A Texas mother’s dying wish before she died of COVID-19 was that her four children get vaccinated against the virus.
After a week-long trip at church camp, Lydia Rodriguez, 42, of Galveston, Texas, and other members of her family tested positive for the coronavirus.
Rodriguez hadn’t been vaccinated because she thought her body was strong enough to fight COVID-19 without the vaccine but – by the time she wanted the vaccine it was too late, reported The Washington Post.
Instead, she was placed on a ventilator, her cousin Dottie Jones told The Washington Post.
The mother-of-four lost her husband, Lawrence, to the virus at the beginning of August, and before she lost her own battle to it Monday.
Lydia Rodriguez, 42 (left), and her husband Lawrence Rodriguez, 49 (right), who passed away from coronavirus complications said they wish they had been vaccinated
‘Please make sure my kids get vaccinated’: Mother-of-four Lydia Rodriguez (center), 42, who died of COVID-19 after being infected at week-long church camp, asked her sister to promise that her children will be immunized against the virus
Before her passing on Monday, Rodriguez had made one final request during a phone call to her sister: ‘Please make sure my kids get vaccinated.’
Two weeks prior to her death, the mother of four lost her husband, Lawrence, 49, from coronavirus complications with them in the same intensive care unit.
The couple, who were married for 21 years, were among the millions of Americans, who did not receive the coronavirus vaccine, which is available to anyone over the age of 12.
Health officials have stressed that the vaccine significantly lowers one’s chance of developing complications from the virus.
Parents Lydia and Lawrence Rodriguez died from COVID-19 within weeks of each other, leaving behind their four children: 18-year-old twins (top), a 16-year-old boy (bottom left) and an 11-year-old girl (bottom right)
The tragic story of the Rodriguez family reflects that of other unvaccinated patients who request doctors for vaccine after COVID-19 seriously affects their health.
‘Lydia has never really believed in vaccines,’ Jones, 55, told The Post.
The case of the Rodriguez family reflects that of other unvaccinated patients
‘She believed that she could handle everything on her own, that you didn’t really need medicine.’
Jones, a neonatal nurse could have supplied her cousin with endless amounts of information on the benefits of the vaccine but it was always going to be a hard sell:
‘I knew she would never get vaccinated,’ Jones said. ‘I was very concerned.’
Rodriguez’s husband, who also didn’t believe in the effectiveness of vaccines, also declined to get the jab, reported The Post.
In early July, days after Rodriguez and her children returned from a Christian church retreat, the family fell ill.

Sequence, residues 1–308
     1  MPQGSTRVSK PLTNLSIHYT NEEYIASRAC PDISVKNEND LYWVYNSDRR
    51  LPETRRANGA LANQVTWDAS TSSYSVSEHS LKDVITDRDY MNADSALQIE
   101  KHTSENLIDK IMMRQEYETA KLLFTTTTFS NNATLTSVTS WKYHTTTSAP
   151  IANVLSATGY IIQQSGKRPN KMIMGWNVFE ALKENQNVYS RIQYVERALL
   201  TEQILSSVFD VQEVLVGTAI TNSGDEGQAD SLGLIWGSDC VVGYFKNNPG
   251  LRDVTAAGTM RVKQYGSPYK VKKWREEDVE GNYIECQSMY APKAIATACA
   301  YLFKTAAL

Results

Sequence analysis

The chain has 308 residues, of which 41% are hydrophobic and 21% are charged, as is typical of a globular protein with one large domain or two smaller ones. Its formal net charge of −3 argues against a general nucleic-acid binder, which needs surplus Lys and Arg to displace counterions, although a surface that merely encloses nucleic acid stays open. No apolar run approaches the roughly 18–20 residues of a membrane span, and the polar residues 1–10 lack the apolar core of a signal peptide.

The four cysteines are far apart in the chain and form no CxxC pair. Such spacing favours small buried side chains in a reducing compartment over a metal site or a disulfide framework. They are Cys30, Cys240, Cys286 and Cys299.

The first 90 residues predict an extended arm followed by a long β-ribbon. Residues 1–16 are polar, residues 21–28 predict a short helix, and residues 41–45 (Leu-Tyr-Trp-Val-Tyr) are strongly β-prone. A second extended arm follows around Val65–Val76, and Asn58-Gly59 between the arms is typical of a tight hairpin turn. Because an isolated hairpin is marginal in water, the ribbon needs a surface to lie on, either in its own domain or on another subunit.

In a short amount of time, the entire family caught COVID-19, including Rodriguez’s husband, who did not attend camp due to work.
Rodriguez was admitted to the ICU on July 12, and her husband was admitted to another ward, Jones said.
Texas, which has a 50-60% vaccination rate, is one of the many southern states that has seen its number of new daily infections rise since the delta variant hit the U.S.
By then, the rest of the family ran errands and took care of the couple’s four children while they were quarantining at home after catching the virus from their parents.
The youngest child was the only one to experience mild symptoms while the other three were asymptomatic. according The Post.
Lawrence Rodriguez requested a vaccine before being put on a ventilator, but it was also too late for him and he died on August 2.
At the time, Lydia Rodriguez was on an oxygen mask that prevented her from talking to her children.
‘We are praying for you and taking care of the kids,’ Jones recalled telling her cousin, according to The Post.
Hospital staff called the family on August 16 to report that Rodriguez had passed away. Two days later, Wednesday, would have been her 43rd birthday.
The family made sure to to honor Rodriguez’s last wish.
The couple’s eldest children, 18-year-old twins, have since been vaccinated, the 16-year-old son will soon be vaccinated and they will also schedule an appointment for the 11-year-old daughter as soon as she turns age 12.
‘Our hearts are just broken,’ Jones told ABC 13.
‘We hurt for the kids. Please vaccinate. It is our desire that no other family have to endure this preventable scenario.
A fundraiser set up by Jones for the Rodriguez family, who are reportedly now in the care of extended family, which has – as of Wednesday – collected nearly $50,000.43.
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